Sept. 1, 2020 – The U.S. surgeon general and state governments have encouraged wide distribution of the drug in recent years, but recovery organizations in closest contact with people dependent on opioids often struggle to afford newer, more expensive versions of the drug.
Former President Bill Clinton and other backers of the initiative hope stocking naloxone in sober recovery homes will bring the lifesaving drug closer to those who need it: people in the early stages of recovery who are vulnerable to relapse as economic and social pressures mount during the pandemic.
“There are too many people whose lives are being lost and destroyed,” Clinton told USA TODAY. “And we have the capacity to make it a lot better. So I’m just hoping that what we’re doing here will make a big difference to the brave people running all these recovery homes.” Demand for naloxone is rising at recovery houses and harm-reduction groups that treat the nearly 2 million Americans with opioid-use disorder. In June, the charitable group Direct Relief International fielded requests for 90,000 doses of naloxone – three times more than a year ago.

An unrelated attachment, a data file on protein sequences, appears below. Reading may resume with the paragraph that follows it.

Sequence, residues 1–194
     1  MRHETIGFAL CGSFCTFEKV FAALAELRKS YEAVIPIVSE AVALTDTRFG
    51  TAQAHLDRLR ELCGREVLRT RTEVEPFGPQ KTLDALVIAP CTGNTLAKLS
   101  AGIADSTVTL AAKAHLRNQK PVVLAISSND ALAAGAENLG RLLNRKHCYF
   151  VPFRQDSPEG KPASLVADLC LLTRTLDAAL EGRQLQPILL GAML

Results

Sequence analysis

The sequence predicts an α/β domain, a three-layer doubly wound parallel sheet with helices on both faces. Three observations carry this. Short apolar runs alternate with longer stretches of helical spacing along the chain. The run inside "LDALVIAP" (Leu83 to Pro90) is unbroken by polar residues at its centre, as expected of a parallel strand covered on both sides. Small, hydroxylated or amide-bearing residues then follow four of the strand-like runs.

More than 700,000 doses of naloxone were distributed last year to people at risk of overdose, according to a Centers for Disease Control and Prevention study. Nearly one in three of the sterile syringe programs that offered naloxone ran out of the drug or had to ration it over the past three months.